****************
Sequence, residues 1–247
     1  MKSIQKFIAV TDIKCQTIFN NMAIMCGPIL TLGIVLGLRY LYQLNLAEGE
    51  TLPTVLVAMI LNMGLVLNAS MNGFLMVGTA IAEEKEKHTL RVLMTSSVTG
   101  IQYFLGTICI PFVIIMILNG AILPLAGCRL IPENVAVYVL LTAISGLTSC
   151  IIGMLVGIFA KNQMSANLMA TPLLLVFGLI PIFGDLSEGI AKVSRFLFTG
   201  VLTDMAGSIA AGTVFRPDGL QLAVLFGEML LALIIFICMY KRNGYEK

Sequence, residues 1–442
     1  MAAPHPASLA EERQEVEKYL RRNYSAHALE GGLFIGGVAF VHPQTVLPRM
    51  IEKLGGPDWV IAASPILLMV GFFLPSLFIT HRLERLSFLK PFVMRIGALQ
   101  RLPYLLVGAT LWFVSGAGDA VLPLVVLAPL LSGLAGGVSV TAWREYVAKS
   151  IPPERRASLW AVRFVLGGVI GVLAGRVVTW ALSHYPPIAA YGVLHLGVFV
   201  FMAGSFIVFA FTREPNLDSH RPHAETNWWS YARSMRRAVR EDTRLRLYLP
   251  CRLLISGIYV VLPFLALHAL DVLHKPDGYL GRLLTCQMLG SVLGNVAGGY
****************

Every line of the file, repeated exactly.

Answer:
Sequence, residues 1–247
     1  MKSIQKFIAV TDIKCQTIFN NMAIMCGPIL TLGIVLGLRY LYQLNLAEGE
    51  TLPTVLVAMI LNMGLVLNAS MNGFLMVGTA IAEEKEKHTL RVLMTSSVTG
   101  IQYFLGTICI PFVIIMILNG AILPLAGCRL IPENVAVYVL LTAISGLTSC
   151  IIGMLVGIFA KNQMSANLMA TPLLLVFGLI PIFGDLSEGI AKVSRFLFTG
   201  VLTDMAGSIA AGTVFRPDGL QLAVLFGEML LALIIFICMY KRNGYEK

Sequence, residues 1–442
     1  MAAPHPASLA EERQEVEKYL RRNYSAHALE GGLFIGGVAF VHPQTVLPRM
    51  IEKLGGPDWV IAASPILLMV GFFLPSLFIT HRLERLSFLK PFVMRIGALQ
   101  RLPYLLVGAT LWFVSGAGDA VLPLVVLAPL LSGLAGGVSV TAWREYVAKS
   151  IPPERRASLW AVRFVLGGVI GVLAGRVVTW ALSHYPPIAA YGVLHLGVFV
   201  FMAGSFIVFA FTREPNLDSH RPHAETNWWS YARSMRRAVR EDTRLRLYLP
   251  CRLLISGIYV VLPFLALHAL DVLHKPDGYL GRLLTCQMLG SVLGNVAGGY